Scott Berkun on: it’s not about you.
While reading Scott Berkun’s blog (check the blogroll) I found a post of his that makes it sound like we were exchanging thought vibes a few days ago. Here’s an excerpt:
There is no magic recipe for convincing large numbers of people of something all at the same time. That’s really hard to do. But if you are only trying to convince one person of something you can learn about them, study their interest and beliefs, and use that knowledge as a foothold for the ideas you want them to support or follow… The classic mistake people make is focusing on their own pitch. Their points. Their slides. Entirely forgetting who the audience is. This is shooting blind.
Work the opposite way. Understand their goals, their core beliefs, their preferred kind of thinking (data driven, story driven, principle driven, goal driven) – how do they argue for things? How do they convince others to do things? That’s the toolkit to work from. But most people find this boring. They can’t get their egos excited about studying other people, so they don’t. And then they fail. But if you can be generous of mind, and like a method actor put yourself inside their view of the world, you will understand them. And once you understand them you’ll see their perspective on you and your ideas.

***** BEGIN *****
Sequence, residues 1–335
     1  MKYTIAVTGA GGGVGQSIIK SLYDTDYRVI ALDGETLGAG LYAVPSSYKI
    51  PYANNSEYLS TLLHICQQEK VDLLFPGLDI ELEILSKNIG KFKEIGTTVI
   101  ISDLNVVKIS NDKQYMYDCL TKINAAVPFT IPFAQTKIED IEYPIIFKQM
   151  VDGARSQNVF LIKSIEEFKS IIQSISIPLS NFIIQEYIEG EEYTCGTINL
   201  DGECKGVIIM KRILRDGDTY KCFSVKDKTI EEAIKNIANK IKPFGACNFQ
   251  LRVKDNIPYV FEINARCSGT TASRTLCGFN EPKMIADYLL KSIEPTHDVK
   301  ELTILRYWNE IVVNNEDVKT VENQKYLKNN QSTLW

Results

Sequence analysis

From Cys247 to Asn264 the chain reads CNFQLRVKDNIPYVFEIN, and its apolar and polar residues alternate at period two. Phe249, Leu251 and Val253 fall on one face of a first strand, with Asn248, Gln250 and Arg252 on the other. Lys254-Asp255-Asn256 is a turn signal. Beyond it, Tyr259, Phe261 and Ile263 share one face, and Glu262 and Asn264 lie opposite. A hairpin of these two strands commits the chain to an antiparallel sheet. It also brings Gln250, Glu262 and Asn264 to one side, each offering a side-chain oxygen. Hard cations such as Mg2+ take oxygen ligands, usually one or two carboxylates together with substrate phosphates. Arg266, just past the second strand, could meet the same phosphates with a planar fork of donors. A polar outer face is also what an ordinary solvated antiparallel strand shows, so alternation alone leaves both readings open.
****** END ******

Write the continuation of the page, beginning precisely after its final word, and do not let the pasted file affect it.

See what I mean? Different approach, but Scott really hits the points in my “It’s not about you” post below. Highly recommend his post to you.
Scott is so right–think about your audience, see if you can adopt their mindset. It’s one of those tips that presentation and speaker coaches keep hammering on and way too many presenters and speakers keep missing.
They want you to succeed (make an impact) but to do that you’ll they need to remember: It’s not about you; it’s about them.